Albelda: One Pill No More, Northwestern

Ryan Albelda, Op-Ed Contributor

My name is Ryan Albelda and I graduated from Northwestern in 2019. My sister graduated from NU this past June. After reading Isabel Podolsky’s op-ed about her hospital experience, it’s clear to me that the University and surrounding area are completely underprepared to manage drug-related incidents. 

I’m worried. According to the chief of the Chicago division of the Drug Enforcement Administration, Chicago and the surrounding area are facing a national trend of hard drugs being increasingly laced with fentanyl. Drugs laced with fentanyl killed one of my best friends from high school last month, and I’m scared that, because of the Evanston community’s underpreparedness, the same might happen at NU. 

In its first public safety alert in six years, the Drug Enforcement Administration warned about a dramatic increase in fake prescription drugs being sold on the black market containing a potentially lethal dose of fentanyl. Its lab testing revealed that two out of every five pills with fentanyl contain a potentially lethal dose. The Centers for Disease Control and Prevention estimate that more than 93,000 Americans died from a drug overdose last year. 

The University is completely underprepared because there are no ways for students to be able to test their drugs nor have knowledge on how to deal with an overdose. It’s naïve to think that when students come to college, they won’t engage with drugs. As a member of the class of 2019, I saw my fair share of cocaine and other hard drugs.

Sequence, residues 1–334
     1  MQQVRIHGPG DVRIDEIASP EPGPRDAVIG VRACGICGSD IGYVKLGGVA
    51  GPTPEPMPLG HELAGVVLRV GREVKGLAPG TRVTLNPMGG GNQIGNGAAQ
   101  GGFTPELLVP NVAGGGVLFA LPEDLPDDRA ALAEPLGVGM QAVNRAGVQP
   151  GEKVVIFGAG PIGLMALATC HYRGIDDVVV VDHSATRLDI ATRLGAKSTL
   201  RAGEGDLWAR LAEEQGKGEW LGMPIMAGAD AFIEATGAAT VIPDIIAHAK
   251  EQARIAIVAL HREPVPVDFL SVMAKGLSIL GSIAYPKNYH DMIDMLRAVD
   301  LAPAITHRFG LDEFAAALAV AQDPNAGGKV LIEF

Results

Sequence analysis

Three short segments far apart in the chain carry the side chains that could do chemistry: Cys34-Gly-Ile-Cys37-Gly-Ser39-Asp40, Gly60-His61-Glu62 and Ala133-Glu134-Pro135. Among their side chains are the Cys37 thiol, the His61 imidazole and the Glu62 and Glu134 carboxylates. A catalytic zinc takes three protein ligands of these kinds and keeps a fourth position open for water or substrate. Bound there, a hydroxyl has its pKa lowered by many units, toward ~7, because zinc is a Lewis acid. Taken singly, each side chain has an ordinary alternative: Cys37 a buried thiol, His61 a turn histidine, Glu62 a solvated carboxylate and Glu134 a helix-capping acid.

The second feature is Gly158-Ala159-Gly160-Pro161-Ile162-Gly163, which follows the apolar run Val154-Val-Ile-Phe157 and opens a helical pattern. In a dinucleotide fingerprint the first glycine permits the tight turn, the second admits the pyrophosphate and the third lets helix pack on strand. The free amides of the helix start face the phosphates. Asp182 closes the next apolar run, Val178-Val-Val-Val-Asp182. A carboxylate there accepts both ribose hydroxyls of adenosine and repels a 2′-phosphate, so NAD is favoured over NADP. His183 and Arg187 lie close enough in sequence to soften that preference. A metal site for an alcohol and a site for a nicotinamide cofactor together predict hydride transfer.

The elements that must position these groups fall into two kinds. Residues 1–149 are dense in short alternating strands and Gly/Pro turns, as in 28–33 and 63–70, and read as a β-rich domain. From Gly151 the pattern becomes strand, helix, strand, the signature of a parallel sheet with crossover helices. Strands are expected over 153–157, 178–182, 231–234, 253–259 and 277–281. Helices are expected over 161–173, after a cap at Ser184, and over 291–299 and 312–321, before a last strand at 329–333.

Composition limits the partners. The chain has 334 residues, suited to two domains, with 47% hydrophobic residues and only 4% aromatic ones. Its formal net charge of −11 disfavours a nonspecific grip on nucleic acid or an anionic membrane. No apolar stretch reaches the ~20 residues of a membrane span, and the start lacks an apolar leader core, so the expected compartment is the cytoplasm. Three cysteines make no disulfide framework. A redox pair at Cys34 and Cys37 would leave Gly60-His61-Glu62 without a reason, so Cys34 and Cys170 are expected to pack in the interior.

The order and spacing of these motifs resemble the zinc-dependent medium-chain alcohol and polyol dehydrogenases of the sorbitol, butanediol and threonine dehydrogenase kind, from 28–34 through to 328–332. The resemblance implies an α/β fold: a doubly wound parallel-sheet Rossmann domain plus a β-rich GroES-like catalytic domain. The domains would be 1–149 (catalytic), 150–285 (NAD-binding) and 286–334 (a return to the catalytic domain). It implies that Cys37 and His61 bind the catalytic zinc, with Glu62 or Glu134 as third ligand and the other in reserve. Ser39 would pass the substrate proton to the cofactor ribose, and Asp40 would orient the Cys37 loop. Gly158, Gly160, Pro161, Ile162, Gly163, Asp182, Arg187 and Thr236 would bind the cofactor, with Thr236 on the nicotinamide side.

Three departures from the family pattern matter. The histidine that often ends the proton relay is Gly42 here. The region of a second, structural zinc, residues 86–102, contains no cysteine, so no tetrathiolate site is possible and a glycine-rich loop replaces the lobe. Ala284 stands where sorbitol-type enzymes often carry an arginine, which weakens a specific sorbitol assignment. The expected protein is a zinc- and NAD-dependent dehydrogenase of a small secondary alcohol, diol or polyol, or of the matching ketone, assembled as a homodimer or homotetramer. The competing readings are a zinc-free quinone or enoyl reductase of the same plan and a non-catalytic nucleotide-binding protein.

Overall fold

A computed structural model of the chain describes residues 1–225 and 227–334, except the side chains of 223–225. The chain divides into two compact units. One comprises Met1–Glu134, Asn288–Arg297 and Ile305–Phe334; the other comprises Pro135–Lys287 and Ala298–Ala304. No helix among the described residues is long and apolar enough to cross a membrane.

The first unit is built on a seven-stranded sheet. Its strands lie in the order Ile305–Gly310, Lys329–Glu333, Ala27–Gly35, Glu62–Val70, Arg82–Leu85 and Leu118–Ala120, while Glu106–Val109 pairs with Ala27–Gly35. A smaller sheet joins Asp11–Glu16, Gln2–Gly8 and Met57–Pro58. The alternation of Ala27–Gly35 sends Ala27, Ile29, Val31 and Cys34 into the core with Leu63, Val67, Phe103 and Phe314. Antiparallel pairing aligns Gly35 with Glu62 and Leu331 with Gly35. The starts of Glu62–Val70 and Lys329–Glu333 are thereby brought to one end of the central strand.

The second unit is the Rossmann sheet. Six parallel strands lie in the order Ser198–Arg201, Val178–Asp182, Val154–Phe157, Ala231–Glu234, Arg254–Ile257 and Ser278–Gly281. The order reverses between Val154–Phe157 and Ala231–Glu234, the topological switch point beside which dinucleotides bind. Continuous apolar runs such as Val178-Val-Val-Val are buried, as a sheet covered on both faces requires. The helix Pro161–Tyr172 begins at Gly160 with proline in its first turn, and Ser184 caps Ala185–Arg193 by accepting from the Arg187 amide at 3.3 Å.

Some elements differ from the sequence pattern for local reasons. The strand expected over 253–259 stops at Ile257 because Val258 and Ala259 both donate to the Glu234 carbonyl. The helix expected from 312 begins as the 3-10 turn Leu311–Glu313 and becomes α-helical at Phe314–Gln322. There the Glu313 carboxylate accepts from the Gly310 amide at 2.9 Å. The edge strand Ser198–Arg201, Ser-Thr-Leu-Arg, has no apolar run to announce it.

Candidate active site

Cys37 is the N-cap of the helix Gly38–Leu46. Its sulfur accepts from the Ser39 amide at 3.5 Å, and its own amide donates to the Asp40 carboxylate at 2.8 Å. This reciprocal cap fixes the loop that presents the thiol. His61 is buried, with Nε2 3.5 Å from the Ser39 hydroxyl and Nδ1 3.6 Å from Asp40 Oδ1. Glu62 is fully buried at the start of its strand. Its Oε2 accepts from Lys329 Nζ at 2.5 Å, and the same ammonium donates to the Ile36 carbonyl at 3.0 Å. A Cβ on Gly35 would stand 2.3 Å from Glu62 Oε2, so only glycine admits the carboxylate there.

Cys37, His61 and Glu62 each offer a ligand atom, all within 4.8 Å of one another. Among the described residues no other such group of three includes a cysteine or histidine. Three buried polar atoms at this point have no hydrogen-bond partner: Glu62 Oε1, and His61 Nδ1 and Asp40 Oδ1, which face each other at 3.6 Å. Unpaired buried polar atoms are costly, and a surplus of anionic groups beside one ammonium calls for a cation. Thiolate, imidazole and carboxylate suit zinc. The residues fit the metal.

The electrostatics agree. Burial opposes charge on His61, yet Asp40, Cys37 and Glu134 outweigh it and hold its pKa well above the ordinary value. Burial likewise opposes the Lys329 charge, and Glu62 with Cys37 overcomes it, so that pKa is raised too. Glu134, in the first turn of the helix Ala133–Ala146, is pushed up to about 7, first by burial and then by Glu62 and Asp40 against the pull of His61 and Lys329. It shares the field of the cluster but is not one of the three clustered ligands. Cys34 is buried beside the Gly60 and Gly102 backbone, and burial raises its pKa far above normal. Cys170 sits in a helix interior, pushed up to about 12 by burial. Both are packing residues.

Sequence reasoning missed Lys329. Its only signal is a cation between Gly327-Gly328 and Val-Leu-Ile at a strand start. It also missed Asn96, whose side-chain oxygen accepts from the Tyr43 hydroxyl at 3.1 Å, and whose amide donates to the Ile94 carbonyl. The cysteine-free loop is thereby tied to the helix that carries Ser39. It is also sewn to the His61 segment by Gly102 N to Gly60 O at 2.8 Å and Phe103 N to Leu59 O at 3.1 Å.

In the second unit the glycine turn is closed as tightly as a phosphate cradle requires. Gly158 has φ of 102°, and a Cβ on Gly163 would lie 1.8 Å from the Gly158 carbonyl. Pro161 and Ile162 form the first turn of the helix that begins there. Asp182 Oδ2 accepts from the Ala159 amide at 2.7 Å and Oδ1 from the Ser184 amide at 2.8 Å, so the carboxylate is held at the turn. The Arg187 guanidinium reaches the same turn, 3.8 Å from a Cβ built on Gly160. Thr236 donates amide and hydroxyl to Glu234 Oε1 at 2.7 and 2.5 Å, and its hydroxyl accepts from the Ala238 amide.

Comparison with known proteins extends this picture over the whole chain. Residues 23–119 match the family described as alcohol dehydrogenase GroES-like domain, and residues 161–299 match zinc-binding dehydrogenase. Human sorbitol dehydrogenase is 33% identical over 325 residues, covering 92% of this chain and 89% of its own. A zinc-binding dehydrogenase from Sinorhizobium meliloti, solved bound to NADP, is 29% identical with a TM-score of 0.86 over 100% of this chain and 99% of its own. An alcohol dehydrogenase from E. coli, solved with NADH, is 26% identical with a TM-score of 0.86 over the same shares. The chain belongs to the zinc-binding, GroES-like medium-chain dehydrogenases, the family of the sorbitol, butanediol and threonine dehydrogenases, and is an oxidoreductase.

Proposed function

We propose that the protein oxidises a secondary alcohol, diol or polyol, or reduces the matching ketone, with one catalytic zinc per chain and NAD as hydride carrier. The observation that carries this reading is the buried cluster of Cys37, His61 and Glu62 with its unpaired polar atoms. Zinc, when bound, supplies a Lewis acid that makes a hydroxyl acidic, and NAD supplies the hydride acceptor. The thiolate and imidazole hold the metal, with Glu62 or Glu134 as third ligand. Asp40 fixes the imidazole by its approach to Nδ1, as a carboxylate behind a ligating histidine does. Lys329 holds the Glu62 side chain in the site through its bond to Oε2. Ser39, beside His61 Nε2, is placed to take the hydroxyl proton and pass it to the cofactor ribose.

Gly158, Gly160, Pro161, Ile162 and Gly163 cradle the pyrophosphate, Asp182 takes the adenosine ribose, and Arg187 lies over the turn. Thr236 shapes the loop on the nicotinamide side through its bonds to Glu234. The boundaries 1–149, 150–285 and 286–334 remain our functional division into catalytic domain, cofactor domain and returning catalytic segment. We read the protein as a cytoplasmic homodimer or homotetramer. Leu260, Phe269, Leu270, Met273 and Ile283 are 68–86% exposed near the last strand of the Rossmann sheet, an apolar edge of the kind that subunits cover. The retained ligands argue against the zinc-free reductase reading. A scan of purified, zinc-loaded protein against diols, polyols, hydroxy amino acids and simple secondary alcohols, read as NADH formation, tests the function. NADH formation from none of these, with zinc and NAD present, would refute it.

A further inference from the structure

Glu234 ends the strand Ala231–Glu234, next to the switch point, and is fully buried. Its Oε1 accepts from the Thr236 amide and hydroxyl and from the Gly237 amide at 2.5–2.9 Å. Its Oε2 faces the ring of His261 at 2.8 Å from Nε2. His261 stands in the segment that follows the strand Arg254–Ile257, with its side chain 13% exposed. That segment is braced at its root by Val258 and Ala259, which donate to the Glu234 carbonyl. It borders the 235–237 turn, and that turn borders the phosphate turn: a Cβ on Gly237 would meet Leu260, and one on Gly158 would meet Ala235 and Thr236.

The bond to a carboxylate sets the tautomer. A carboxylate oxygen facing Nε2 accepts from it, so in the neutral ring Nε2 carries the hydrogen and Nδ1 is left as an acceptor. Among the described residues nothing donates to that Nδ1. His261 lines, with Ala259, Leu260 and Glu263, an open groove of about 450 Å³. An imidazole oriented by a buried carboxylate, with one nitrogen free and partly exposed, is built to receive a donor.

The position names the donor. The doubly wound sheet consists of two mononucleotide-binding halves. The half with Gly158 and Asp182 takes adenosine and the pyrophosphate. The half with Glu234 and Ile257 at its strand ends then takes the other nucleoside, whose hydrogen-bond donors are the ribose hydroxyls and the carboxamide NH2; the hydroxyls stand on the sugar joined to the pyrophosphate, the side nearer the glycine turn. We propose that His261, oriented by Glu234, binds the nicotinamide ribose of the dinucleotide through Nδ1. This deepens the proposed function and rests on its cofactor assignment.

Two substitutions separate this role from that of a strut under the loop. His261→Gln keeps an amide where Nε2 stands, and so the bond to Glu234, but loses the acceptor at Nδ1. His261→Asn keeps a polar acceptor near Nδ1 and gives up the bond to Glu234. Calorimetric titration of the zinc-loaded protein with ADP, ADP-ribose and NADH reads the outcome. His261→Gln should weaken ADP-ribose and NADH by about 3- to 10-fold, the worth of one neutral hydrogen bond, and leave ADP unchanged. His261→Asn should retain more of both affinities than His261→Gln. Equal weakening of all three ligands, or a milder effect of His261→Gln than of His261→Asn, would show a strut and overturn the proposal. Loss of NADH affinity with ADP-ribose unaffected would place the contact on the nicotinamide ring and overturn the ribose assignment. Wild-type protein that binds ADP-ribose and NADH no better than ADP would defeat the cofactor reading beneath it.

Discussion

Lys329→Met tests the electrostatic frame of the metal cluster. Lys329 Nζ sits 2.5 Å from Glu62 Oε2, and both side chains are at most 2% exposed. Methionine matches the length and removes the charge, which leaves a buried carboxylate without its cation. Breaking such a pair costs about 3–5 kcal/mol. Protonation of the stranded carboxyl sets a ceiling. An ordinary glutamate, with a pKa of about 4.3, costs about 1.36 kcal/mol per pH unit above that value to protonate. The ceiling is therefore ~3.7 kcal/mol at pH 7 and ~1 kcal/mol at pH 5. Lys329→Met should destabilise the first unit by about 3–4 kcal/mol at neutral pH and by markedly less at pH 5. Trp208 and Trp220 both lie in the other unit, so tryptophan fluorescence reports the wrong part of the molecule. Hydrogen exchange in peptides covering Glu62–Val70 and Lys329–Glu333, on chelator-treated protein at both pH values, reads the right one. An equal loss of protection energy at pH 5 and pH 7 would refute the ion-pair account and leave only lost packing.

Even the illicit drug industry is not immune to COVID-19’s impacts on the supply chain. As a Logistics Analyst for Amazon’s international freight team, I have firsthand experience working with the constraints and limitations of the transportation system. The NPR article ‘Narconomics’ highlights how many drug cartel supply chains operate similar to that of large retail supply chains. In the efforts to maintain the global logistics network, it is devastating to see where these endeavors have led to lethal impacts compared to just longer wait times for consumer goods. 

A recent New York Times article about the increase of deaths due to drugs laced with fentanyl mentions how dealers have been affected by supply chain issues and increasing prices. 

“Some have turned to substitutes like fentanyl — cheaper and more readily available than cocaine or heroin — to bulk out their wares, keeping their supply of drugs flowing, whatever the human cost,” the article said. “But even a speck of fentanyl can kill.” 

The lack of training and support when it comes to those who have accidentally overdosed is alarming. While the University puts out training on how to help those who are drunk, how do you save someone’s life when they overdose?

To solve this, NU can partner with groups like Lurie Children’s Hospital, which offers training on how to use a Narcan, a medicine that can temporarily counteract the effects of an opioid overdose. The University could also employ the Center for Awareness, Response and Education and offer free fentanyl test strips for students to allow for safer usage of drugs. People in college are going to do drugs, so might as well do them safely. 

Ryan Albelda is a recent Northwestern alum who currently works in supply chain in Seattle. She can be contacted at [email protected]. If you would like to respond publicly to this op-ed, send a Letter to the Editor to [email protected]. The views expressed in this piece do not necessarily reflect the views of all staff members of The Daily Northwestern.